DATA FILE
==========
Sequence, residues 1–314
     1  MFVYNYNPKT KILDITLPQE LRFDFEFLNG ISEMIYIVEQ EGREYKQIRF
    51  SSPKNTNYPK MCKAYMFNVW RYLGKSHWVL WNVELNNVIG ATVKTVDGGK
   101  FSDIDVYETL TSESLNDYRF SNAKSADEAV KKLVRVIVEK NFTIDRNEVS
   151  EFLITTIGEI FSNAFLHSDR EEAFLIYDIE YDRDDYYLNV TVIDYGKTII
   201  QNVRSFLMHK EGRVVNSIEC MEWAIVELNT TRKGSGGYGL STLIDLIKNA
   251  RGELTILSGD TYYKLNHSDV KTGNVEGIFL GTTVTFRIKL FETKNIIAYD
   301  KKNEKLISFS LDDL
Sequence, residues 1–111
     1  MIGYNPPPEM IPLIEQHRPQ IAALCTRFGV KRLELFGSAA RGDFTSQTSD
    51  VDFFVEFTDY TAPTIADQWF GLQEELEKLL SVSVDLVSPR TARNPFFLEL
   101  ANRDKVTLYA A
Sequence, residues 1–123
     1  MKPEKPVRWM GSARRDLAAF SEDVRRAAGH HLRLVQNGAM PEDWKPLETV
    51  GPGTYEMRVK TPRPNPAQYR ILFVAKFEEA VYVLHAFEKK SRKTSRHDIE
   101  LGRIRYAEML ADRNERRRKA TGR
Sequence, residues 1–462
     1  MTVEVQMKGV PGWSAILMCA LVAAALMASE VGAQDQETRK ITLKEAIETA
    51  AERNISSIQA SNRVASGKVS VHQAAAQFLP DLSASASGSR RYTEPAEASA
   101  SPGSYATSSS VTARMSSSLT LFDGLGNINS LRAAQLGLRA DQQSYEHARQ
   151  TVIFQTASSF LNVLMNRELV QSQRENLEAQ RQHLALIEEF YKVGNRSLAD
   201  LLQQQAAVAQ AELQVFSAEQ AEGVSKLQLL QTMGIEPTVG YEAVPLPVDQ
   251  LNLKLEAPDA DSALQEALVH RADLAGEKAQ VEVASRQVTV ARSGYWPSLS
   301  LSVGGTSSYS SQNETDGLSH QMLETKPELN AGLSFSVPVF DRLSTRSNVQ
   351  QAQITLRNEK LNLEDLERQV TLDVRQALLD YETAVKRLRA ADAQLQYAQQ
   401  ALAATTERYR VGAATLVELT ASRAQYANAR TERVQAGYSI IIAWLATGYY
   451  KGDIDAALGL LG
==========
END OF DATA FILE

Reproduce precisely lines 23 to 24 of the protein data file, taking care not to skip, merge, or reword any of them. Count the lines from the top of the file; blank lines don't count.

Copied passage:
   251  LNLKLEAPDA DSALQEALVH RADLAGEKAQ VEVASRQVTV ARSGYWPSLS
   301  LSVGGTSSYS SQNETDGLSH QMLETKPELN AGLSFSVPVF DRLSTRSNVQ